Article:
doing, or were you 100% committed to?
DT: Every. Single. Day. It would be weird
if I didn’t occasionally doubt my creative choices- especially when you have to
deal with ridiculous opinions from people who are afraid of the technology or
of the advancement. But at the end of the day, I wouldn’t have changed anything
and I am so proud at what has been created. I sometimes sit back while I am
performing in the show and absorb the incredible audience response and feel a
huge sense of pride that I am here and I am able to live out this incredible
TITL: How did you bring the production’s cast/crew together? Were/are they friends of yours or did you put out a casting call? When did you know you’d found the right people for each part of the show?
DT: A little of column A, a little of column
B. In the case of my gifted director, Dugg McDonough, we had worked together
years ago in several productions at Temple University as well as Des Moines
Metro Opera Company. I immediately thought of him when I was creating this show
and asked him to return to collaborate on this project. As for the rest of the
cast and crew, most were hired from referrals and casting. One of the hardest
parts of creating any new production is finding the right people to work on it.
I can honestly say that in all my years of performing professionally, I have
never worked on a show where I truly like and respect every person that is
there. This is the first time I can say that. We have become like a family and
we all look out and protect each other. It is a really wonderful thing.
TITL: What can you recall of the infamous opening night? Were you nervous or just buzzing and raring to go?
DT: It went by SO fast! I can say that I am
a little nervous before every show I do. That never really goes away and I am
actually glad that those butterflies are there. I never get complacent or
“phone in” a performance. Every show is like opening night to me. The party was
a blast and we really had one amazing night celebrating this great success
TITL: Given that Broadway is typically considered to be more of a man’s world, how proud does it make you feel to know you’re proving yourself to be just as good as your male counterparts when it comes to putting on a successful production?
DT: To be honest, I still feel there is a
lack of support and respect for women creators/producers in this industry.
While it is admittedly a lot better, there is still a great deal of work that
needs to be done. I am really honored to be a strong woman voice out there
creating good, commercial theater in an otherwise male dominated industry. It
is so sad that in this #metoo era we don’t embrace more female voices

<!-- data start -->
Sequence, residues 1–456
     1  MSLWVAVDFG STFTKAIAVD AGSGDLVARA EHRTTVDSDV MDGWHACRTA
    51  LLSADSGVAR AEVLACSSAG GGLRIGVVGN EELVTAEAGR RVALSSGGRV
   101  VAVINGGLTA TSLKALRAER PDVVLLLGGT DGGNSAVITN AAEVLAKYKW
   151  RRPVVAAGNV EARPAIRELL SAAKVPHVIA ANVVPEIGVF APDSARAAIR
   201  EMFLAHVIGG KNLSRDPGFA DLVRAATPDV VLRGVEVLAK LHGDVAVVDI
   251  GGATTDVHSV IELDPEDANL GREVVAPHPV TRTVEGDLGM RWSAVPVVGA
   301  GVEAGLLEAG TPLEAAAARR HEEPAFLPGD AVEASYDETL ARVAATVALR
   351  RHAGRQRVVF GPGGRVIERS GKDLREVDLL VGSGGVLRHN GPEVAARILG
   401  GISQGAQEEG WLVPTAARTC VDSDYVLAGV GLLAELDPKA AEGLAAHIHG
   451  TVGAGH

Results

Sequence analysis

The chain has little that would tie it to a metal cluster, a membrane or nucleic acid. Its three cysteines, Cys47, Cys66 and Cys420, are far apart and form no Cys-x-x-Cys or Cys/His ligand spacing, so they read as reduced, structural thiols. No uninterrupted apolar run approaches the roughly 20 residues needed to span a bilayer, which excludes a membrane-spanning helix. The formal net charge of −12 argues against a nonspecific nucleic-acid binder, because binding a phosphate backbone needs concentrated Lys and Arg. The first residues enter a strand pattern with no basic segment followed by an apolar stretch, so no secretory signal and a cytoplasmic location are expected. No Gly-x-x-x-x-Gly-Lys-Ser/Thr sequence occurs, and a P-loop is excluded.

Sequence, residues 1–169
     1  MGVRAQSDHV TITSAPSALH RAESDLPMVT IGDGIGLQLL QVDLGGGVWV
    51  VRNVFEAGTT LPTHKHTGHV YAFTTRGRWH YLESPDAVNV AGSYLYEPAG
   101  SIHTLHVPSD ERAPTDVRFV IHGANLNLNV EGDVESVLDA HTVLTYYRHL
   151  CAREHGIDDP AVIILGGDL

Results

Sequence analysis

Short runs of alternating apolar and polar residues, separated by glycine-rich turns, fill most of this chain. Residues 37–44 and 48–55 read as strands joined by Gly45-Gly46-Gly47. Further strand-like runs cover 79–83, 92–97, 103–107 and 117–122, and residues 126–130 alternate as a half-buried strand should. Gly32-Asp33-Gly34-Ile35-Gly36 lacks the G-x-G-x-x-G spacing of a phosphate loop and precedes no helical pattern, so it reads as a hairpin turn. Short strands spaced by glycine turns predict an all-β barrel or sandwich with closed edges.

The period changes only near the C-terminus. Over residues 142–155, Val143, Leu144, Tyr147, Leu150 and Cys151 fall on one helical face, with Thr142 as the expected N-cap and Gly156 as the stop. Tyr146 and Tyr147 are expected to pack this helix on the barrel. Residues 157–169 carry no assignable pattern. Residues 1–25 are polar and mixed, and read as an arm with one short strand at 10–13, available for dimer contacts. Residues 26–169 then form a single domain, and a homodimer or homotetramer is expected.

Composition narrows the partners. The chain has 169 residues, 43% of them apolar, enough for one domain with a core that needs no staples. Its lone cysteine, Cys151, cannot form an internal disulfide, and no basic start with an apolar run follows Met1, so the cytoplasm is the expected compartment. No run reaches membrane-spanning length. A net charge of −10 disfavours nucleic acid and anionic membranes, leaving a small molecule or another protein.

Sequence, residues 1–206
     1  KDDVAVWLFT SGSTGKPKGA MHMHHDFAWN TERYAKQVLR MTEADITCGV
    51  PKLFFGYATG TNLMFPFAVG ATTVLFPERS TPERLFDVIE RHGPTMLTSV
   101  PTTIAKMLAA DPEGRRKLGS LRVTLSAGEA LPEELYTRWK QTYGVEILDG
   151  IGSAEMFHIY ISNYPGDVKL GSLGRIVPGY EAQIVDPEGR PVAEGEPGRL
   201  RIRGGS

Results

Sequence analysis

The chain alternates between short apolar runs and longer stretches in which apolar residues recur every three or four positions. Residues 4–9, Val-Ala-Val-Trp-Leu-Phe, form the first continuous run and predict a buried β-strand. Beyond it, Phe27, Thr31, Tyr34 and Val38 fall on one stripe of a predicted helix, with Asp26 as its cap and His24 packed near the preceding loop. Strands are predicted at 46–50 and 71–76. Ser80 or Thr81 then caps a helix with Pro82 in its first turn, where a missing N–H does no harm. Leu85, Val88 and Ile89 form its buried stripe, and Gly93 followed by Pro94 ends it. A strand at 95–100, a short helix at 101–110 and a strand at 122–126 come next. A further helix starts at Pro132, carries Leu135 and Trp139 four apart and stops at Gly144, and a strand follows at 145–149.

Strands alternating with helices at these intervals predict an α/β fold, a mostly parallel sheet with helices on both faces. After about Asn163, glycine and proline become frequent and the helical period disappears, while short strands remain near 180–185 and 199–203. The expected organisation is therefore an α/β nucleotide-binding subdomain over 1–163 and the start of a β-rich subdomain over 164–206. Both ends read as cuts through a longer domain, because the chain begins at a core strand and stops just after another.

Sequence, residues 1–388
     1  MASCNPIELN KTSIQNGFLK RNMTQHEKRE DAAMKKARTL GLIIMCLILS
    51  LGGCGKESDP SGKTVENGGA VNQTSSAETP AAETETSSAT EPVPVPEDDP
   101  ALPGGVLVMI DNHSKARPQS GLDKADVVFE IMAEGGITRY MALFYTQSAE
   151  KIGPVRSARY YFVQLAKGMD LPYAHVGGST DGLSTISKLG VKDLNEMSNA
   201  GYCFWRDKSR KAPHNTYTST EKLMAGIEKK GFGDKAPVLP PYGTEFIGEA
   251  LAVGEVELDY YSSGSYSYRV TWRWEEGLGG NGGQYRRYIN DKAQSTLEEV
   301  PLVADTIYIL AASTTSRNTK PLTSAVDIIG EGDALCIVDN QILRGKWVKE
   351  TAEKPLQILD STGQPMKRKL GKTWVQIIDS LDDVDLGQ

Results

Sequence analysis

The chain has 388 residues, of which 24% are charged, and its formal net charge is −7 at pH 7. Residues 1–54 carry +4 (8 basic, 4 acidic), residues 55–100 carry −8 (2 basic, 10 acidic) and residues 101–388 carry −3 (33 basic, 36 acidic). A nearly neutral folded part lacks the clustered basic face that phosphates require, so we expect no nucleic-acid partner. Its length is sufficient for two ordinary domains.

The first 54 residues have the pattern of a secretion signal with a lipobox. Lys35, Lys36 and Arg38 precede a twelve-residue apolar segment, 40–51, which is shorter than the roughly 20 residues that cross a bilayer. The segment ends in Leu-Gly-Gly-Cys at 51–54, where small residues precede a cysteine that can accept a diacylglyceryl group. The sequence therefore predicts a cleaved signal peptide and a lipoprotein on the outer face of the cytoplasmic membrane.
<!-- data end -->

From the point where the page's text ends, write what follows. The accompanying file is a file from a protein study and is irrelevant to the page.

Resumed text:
attempting to create on the theatrical stage but I think there are more of us
out there that will brave the storm and keep pushing the boundaries, regardless
if we are always embraced or not while we do it! However, that being said-
women need to start supporting women colleagues in theater more. Sad to say
that some of the harshest critical voices out there are from other women. That
has always baffled me. Trying to blow out the candle of another does not make
theirs burn any brighter.
TITL: What advice would you give to anyone out there who has an idea that they’d love to see brought to life on a stage such as one on or off Broadway? What traits might you say they need in order to keep pursuing that idea/dream until it becomes reality?
DT: I would say that dreams can come true and
I am living proof of that. However, set your sights with reasonable goals.
Start small. Test the waters. People don’t usually wake up one morning and
decide to have a show open on Broadway next week. It takes a long time of work,
dedication, financial support and most of all- thick skin, to navigate this
industry. There will be enormous sacrifices that will need to be made and there
will be a lot more tears than laughs at times. But after all that is said and
done, there is no greater joy than to see your creation brought to life by
fabulously talented people each and every day and I truly feel blessed to have
TITL: Finally then, now that Sincerely, Oscar is proving to be a hit, have you thought about any other productions you might like to work on, or is all your time and energy focused on this for the time being?
DT: Right now I am focusing on this limited
engagement run at Theatre Row in NYC, but I would be lying if I said I am not
looking to the future for what is next. I believe we have even bigger and
better things in store for “Sincerely, Oscar” coming in the near future. Maybe
it will be a national tour, maybe an international tour, or maybe a residency
in Vegas? There has been a lot of buzz as to where this should go next… and
right now the sky is the limit! I am just excited to see where this remarkable
journey will go!
For more information on Sincerely, Oscar visit the official website. You can also keep up to
date with Doreen via doreentaylormusic.com,
or by following her on Twitter and
liking her page on Facebook.
Her latest album Happily Ever After
now. Header photo credit: James Jackson.